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Water Research Station

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002Water Research Station - ARCH 771 -Nicholas Kirscht.jpg
Title: Water Research Station
Author: Kirscht, Nicholas
Abstract: Students in this studio were asked to design a Water Resource Experiment Station at a site on the bank of the Missouri River west of Linton and South of Bismarck, North Dakota. The students were given presentations by studio collaborators from the Biology Department and the Department of Civil Engineering concerning the use of constructed wetlands to clean waste water from the laboratory and rain water harvesting from the building’s exterior to add fresh water to the clean waste water for the use of the laboratory. Each design is approximately 20,000 square feet in area, has public parking and public toilets accessible from the exterior and is intended to be open to the public for their use after hours and on the weekends. This building design focuses primarily on strategies which can diffuse, block, or harness sun light for both passive and active systems by adapting the form and envelope of the building to meet the specific demands of its function. Soil retention, water runoff, constructability, solar gain, views, and constructed wetland placement are all driving forces which led to the particular site selection. Once constructed, a building should have as little negative impacts on the environment as possible. In response, all water runoff from the building’s gutter system is deposited directly into the adjacent 3rd pond of the constructed wetland. There is no need for excessive pumps and plumbing to get the water to its destination. This is only achieved by careful consideration of building footprint, roof slopes, and pond placement. Offices, conference rooms, and laboratories are spaces where maximum accuracy and productivity is required, thus are most susceptible to glare or visual discomfort. Since the site is in the Northern Hemisphere, this issue is solved programmatically by orienting some of these spaces to the North for evenly diffused daylight. Where only heat gain is desired, a massive trombe wall, which also serves as a thermal mass to distribute heat at night, is used to heat spaces while blocking sunlight entirely. For spaces which offer choice of the amount of natural day lighting and heat gain, exterior shading louvers are used to control visual comfort and the performance of the building. The form of the building is derived by solar angles at certain times of the year. The structure, which holds this form in place, informs the spaces inside and contains the ducts and plumbing in a linear line with few turns so fluid and air can move more efficiently. The form, structure, and mechanical ducts/pipes were designed simultaneously, which is a typical mark of high performance buildings. ENVELOPE: 5mm AMC (Aluminum Metal Composite) Dry Joint Panel System, Total 350mm Rigid Insulation, Triple Pane Insulated Glazing STRUCTURE: Steel Wide Flange Superstructure, Wide Flange Secondary, Composite Floor Decking, Corrugated Aluminum PASSIVE SYSTEMS: Massive Stone Trombe Wall / Thermal Mass, 250mm Aluminum Louvers ACTIVE SYSTEMS: Integrated Solar Heat Collectors, Glycol System w/ Direct Exchange to Air Supply, North End Air-Intake, Rooftop Exhaust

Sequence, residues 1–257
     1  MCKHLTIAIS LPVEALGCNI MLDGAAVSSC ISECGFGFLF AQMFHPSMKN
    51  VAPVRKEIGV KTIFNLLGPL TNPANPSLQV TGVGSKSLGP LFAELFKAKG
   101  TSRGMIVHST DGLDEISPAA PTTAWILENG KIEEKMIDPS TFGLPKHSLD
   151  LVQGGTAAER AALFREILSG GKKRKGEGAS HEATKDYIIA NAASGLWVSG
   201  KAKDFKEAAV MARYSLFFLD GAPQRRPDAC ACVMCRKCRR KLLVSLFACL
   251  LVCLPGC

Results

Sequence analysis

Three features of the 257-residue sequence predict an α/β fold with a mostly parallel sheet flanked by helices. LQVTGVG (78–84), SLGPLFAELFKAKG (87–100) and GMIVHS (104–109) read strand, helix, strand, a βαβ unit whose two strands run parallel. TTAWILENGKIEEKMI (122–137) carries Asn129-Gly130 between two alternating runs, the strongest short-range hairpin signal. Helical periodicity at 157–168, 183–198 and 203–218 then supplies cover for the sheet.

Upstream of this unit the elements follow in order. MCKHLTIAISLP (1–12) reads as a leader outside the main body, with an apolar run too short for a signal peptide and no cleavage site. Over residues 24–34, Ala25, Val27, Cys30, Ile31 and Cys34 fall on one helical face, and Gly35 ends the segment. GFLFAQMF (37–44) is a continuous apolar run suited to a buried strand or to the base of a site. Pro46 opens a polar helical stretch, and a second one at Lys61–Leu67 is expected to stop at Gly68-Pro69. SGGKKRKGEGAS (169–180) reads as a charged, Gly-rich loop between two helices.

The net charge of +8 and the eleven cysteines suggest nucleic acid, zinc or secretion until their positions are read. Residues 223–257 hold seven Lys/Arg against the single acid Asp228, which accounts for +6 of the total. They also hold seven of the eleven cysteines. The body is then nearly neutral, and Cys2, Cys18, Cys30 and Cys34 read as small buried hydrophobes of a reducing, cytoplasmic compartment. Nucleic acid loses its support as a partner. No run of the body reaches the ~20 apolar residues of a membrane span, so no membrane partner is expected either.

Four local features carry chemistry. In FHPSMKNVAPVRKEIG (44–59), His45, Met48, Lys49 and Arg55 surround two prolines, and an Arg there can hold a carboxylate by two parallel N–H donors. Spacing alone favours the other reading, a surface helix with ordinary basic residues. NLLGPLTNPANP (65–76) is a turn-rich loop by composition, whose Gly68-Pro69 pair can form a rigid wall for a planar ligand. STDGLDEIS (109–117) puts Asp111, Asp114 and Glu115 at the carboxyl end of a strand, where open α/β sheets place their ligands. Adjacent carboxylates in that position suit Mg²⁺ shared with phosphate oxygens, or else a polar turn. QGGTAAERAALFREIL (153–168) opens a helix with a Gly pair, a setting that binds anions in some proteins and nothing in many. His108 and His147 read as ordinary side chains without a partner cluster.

Date: 2011-11
Subject: ARCH 771 - Advanced Architectural Design
Permalink: http://hdl.handle.net/10365/19141

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